Tusk (2014)

<strong class="MovieTitle">Tusk</strong> (2014)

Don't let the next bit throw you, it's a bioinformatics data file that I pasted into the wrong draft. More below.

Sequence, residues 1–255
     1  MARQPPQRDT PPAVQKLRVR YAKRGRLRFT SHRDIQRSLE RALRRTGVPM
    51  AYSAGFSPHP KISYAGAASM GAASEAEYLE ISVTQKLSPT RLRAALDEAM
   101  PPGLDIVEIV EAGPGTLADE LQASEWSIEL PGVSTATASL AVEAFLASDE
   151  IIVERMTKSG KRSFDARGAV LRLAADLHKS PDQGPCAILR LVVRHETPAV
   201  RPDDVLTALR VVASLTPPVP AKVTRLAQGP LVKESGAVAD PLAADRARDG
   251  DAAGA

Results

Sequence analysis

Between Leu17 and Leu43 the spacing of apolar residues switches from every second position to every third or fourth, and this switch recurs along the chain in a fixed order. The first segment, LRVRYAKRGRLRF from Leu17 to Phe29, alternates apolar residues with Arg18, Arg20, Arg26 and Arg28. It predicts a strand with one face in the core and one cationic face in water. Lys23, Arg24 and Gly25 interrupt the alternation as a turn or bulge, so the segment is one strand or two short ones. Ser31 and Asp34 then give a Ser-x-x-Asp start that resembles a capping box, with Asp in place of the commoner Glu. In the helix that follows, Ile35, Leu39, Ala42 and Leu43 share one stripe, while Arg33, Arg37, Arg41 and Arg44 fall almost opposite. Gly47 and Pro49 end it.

(On Cable TV, June 2015) The good thing about today’s movie universe is that it has never been easier for just about any determined filmmaker to grab decent-quality filmmaking equipment and shoot their own movies.  This also works for experienced filmmakers, who can indulge their creative urges with smaller projects for specific audiences.  Sadly, this is also making it harder to stop projects that maybe shouldn’t have been completed.  So it is that Kevin Smith can riff off a ridiculous premise in a podcast and, months later, complete a project based on that rant, about a hapless podcaster being tortured into becoming a walrus for a madman’s own purposes.  The wonders of modern filmmaking!  Of course, the problem for end-result Tusk is that even though it tries hard to be a comedy/horror hybrid, it’s neither funny nor scary.  Just gross and pitiful, with a big side-order of boring.  Justin Long is neither good nor bad as the protagonist: while Long-the-actor is naturally likable, his character is obnoxious enough to shut down any nascent sympathy for his fate.  Tusk is self-aware enough to have joke casting (such as having Johnny Depp in a supporting role without crediting him, or featuring Depp’s and Smith’s daughters in small roles), but as with most of the film’s characteristics, the final result is slight enough as to make everything seem pointless.  If Tusk had been a better film, I would have a few nice things to say about the dialogue, the fractured chronology, some directorial choices or Michael Parks’ performance.  But it’s pointless, grotesque and interminable even at 90 minutes.  Even the Canadian content left me less than enthusiastic (the badly-translated French doesn’t help).  I’m not opposed to dumb midnight-movies, but Tusk is not a good example of the form.  And if Kevin Smith’s career is headed in the direction of increasingly-hermetic fan-service goofs, then I’m happy to let him go there and never look again; after all there are plenty of other filmmakers doing far more interesting things with the means at their disposal.

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